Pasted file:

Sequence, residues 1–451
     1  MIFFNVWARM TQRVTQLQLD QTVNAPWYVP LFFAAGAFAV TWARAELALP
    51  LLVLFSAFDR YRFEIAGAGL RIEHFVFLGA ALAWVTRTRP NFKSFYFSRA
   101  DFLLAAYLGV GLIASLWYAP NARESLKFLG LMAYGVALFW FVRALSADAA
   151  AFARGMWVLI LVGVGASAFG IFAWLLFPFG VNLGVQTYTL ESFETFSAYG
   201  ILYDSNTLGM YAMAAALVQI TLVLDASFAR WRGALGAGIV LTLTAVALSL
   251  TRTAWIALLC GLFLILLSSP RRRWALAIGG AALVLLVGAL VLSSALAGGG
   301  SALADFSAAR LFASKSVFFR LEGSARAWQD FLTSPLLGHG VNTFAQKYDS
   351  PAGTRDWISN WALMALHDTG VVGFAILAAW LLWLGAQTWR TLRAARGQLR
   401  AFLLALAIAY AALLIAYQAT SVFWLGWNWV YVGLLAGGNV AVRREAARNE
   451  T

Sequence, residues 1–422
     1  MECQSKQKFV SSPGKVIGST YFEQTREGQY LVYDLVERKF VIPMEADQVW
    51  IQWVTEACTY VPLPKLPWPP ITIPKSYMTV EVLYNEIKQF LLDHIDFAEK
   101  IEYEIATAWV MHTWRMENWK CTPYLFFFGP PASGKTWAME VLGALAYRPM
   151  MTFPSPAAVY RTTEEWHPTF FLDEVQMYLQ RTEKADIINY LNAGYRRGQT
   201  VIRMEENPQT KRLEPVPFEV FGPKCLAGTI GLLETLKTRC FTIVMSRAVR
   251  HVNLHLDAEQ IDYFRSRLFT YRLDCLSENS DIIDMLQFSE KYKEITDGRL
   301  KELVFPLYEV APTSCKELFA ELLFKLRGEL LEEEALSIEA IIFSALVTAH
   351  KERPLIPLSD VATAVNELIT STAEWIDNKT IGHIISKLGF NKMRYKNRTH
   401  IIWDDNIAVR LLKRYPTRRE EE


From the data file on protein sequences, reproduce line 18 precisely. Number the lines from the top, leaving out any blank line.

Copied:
   251  HVNLHLDAEQ IDYFRSRLFT YRLDCLSENS DIIDMLQFSE KYKEITDGRL